07 March 2015

Talking about Death - Lenten Devotion 3

As we continue our journey through Lent, let us pause for a moment to consider what it is that we are journeying towards.  Approaching the sacred time called Holy Week, we walk the road of deepest shadows.  Each painful step we take brings us closer to the betrayal, arrest, brutality, mockery, rejection, crucifixion and death of our Beloved.  It is a difficult, intense time to be a part of the liturgical Church.

There is something powerful about this time, though.  It is not something that should be glossed over or forgotten.  We cannot jump to Easter celebration without the difficult days of Lent and Holy Week.

As Tommy shares in the video below, our churches in western society, particularly here in America, have a very difficult time approaching the conversation of death.  Just as in our surrounding culture, we often avoid the topic in our pulpits, our prayer groups and our Bible studies.

Lent opens the door to the topics that can otherwise seem rather taboo.  Betrayal, arrest, brutality, rejection by friends and family, the intentional quieting of women and children, the abuse of power and authority in our spiritual and political leaders, the pain of the dying process, feelings of abandonment and seclusion, and death -- all of this and more are found in the Scriptures concerning the time we now refer to as Holy Week.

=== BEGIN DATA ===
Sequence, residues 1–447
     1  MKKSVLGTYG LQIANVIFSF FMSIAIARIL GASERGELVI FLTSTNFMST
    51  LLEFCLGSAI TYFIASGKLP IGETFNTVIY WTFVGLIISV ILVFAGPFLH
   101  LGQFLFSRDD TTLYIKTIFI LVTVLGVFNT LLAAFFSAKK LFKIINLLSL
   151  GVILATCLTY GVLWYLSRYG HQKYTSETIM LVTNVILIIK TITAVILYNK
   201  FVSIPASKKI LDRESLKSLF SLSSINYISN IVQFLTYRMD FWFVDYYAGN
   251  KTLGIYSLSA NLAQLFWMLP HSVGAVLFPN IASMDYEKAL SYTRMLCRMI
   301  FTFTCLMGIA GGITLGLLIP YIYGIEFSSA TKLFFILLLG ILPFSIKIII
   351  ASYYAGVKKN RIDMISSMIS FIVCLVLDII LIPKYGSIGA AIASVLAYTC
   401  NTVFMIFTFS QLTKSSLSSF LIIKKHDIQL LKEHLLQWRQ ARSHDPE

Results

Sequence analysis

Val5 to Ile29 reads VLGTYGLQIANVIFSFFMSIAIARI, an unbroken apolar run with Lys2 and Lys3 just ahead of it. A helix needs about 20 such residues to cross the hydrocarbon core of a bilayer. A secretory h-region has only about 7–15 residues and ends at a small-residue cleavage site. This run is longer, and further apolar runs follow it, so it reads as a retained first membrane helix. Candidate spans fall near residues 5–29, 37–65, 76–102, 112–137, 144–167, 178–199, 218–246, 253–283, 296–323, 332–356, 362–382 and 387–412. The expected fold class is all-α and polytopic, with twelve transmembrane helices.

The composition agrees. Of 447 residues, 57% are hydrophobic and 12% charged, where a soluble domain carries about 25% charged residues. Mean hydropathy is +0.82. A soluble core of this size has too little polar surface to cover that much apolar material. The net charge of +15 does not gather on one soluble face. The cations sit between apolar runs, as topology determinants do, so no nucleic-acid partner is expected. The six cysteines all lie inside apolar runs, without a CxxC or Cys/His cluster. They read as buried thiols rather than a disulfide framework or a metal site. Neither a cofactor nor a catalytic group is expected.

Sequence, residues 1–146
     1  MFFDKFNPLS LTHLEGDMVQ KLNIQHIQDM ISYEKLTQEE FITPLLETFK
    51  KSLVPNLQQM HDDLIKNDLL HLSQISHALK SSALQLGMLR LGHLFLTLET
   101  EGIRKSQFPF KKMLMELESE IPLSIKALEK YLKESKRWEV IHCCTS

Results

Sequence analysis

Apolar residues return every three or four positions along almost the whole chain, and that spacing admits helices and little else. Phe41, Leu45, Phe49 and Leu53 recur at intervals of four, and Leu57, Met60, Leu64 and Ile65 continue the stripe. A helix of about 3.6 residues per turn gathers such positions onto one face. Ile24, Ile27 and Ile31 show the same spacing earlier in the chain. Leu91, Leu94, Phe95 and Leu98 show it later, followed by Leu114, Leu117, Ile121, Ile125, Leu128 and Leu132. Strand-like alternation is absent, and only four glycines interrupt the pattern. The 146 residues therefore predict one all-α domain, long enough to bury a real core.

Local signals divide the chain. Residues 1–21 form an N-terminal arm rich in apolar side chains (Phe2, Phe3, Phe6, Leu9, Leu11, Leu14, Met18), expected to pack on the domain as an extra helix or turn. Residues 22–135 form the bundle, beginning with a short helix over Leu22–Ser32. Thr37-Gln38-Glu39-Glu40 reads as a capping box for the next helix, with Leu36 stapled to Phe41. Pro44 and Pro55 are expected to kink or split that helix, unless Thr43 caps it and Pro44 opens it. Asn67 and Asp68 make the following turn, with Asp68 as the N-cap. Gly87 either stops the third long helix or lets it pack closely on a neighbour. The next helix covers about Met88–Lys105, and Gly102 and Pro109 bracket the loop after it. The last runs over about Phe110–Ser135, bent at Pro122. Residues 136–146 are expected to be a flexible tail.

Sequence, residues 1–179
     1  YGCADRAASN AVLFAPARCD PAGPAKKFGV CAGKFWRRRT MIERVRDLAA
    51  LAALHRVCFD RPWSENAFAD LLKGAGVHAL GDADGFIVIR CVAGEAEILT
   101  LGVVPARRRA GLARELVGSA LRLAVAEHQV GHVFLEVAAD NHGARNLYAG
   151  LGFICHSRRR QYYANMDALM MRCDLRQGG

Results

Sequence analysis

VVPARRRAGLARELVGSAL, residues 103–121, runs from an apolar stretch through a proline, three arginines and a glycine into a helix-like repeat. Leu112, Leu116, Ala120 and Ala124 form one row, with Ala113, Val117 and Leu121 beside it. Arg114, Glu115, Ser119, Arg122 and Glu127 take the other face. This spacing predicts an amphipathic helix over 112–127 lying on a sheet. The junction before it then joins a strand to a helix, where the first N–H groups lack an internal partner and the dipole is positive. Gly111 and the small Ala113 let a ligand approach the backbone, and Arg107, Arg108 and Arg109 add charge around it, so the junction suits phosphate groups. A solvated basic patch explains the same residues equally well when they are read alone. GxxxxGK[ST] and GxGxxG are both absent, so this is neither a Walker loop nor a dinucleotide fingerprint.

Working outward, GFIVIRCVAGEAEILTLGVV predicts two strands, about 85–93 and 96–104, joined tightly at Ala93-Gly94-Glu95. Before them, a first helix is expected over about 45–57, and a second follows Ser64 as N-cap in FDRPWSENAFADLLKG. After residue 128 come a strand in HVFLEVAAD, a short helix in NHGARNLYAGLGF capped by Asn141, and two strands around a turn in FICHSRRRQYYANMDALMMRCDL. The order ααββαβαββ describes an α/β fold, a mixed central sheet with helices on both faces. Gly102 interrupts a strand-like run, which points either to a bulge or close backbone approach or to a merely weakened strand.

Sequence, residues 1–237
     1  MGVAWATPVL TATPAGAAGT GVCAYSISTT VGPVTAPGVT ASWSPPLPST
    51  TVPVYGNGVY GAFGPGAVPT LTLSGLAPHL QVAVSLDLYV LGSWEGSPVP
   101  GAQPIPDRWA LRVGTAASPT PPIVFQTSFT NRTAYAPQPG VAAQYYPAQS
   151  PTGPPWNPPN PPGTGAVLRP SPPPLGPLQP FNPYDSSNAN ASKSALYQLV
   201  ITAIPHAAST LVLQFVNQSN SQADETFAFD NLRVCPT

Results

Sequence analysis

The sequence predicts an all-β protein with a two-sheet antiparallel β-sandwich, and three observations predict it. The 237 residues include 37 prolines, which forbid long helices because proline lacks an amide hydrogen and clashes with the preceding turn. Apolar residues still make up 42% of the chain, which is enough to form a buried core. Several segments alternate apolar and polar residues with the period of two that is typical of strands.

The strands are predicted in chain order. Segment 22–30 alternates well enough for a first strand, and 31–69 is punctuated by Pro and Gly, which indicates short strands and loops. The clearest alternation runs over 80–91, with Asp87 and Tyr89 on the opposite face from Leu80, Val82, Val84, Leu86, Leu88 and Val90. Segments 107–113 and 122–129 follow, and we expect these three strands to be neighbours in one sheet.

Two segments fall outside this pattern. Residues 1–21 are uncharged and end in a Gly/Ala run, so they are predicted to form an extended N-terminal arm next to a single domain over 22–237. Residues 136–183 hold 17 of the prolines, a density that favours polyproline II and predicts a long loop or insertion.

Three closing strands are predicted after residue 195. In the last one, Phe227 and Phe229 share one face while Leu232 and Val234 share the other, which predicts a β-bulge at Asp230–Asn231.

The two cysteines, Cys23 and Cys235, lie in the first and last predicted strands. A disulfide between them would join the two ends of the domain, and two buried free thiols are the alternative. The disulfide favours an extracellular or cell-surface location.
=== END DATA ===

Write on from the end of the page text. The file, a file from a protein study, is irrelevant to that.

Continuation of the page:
What does Holy Week bring about in you?  How do you explore these topics with your loved ones?  How do you talk about death, grief and loss?  Does your faith community speak about such things?

As I cared for and journeyed with my father through his decline, time in hospice and death last year, I had many similar observations as the man in this video. We have much to speak about as a church and as a society regarding the dying process. After watching the movie "Departures" I decided that I wanted to wash my father's body after he died. Washing him, as I had for many months leading up to his hospice time, and feeling the heat leaving his body in the presence of my siblings and extended family was one of the most powerful, therapeutic acts I have ever participated in. It felt incredibly natural and helped me to come to grips with the reality of the death that had just occurred in our midst.

No one had told me to do this. I wasn't taught how to be in the midst of death and grief. It was certainly not something that had ever been spoken about in any of the congregations I have been a part of over the years.

The western church, in general, does not prepare us to walk this part of our journey. Despite the pathway of shadows that we call Lent, we don't often come face-to-face with death in our midst. We avoid speaking about the intensity of our pain while we are watching a loved one die. Our congregations have much to learn from Eastern and Native traditions when it comes to the preparation for dying, burial, cremation and the releasing of our loved ones remains.

I hope that in the years to come, we will be more willing to be in open dialogue about death, loss and the dying process, in our society as a whole, and especially, in our congregations. I believe this will be part of our healing, of remembering who we are. We cannot awaken to New Life if we cannot first honestly experience the pain of death and loss.

Walk the road of shadows with me, dear ones. Let us journey together along this sacred pathway called Lent.

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